Christ Church provides awareness of this ministry and structures the participation.  It is easy to participate at any level or frequency — you can cook, buy food, and /or serve.  Once you are at the kitchen, everyone is put to work, serving guests, cleaning tables or putting one piece of fruit on a plate.  Everything you do there is helpful and contributes to the cause.  Christ Church also provides the expectation.  Serve is one of our cornerstones and we are committed to serve others in Christ’s name.  To steal from one of Christopher’s stewardship meditations, “We’re not here serving today because we’re do-gooders; we’re here today because this is what Christians do.”  Finally, Christ Church provides the inspiration.  We are surrounded by thoughtful people who care for and who set a high standard for translating concern for others into action.  One of the things that has consistently inspired Tika is to see so many members of Christ Church want to help others.  Inspiration also comes from the gratitude in the faces of the guests.  For me, my faith has deepened and my eyes and heart have been opened wider by my experience at A Just Harvest.  A vivid memory is of a little boy eating with his mother.  He had a tuft of brown hair and big brown eyes.  He reminded me of one of my sons.  It’s hard not to continue with this ministry when this is the face of need.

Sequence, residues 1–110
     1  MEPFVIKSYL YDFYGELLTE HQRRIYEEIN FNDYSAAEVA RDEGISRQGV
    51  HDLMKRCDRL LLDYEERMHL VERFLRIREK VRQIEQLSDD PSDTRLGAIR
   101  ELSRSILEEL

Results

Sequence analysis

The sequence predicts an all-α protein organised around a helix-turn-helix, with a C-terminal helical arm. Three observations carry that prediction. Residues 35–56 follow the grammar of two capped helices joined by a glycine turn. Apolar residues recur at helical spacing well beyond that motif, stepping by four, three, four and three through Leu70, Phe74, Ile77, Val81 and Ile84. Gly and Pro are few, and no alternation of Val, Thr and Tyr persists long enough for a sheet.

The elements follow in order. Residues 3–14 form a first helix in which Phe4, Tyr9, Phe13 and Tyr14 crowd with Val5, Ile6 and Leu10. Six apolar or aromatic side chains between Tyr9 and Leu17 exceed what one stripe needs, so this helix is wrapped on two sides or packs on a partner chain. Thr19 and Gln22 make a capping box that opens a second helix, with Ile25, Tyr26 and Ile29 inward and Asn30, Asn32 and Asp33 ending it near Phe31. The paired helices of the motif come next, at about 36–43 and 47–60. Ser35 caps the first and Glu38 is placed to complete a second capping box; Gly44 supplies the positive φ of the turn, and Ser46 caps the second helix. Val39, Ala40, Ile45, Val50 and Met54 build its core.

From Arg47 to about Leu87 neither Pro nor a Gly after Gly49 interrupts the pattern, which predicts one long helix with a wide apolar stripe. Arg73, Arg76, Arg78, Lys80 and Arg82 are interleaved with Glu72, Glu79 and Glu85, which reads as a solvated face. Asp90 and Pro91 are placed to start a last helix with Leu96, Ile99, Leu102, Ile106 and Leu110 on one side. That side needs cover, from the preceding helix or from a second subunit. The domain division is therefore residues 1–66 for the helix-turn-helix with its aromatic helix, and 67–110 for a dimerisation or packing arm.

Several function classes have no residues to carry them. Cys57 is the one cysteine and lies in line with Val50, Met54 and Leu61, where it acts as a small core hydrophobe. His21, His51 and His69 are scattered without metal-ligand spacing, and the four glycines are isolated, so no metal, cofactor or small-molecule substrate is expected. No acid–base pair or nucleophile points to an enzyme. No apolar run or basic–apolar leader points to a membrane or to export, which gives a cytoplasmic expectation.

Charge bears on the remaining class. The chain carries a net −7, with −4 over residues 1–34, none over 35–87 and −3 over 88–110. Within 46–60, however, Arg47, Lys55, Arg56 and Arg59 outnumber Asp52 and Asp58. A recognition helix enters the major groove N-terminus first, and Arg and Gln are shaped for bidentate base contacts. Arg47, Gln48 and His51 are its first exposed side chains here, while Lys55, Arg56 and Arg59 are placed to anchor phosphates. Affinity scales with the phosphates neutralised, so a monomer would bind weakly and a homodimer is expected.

• Visit to the Local Mission page of our website to learn more about opportunities to serve at A Just Harvest.

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    Stewardship Meditation #20

    The Divine Mystery exists in each of us.  We are Stewards of that Mystery.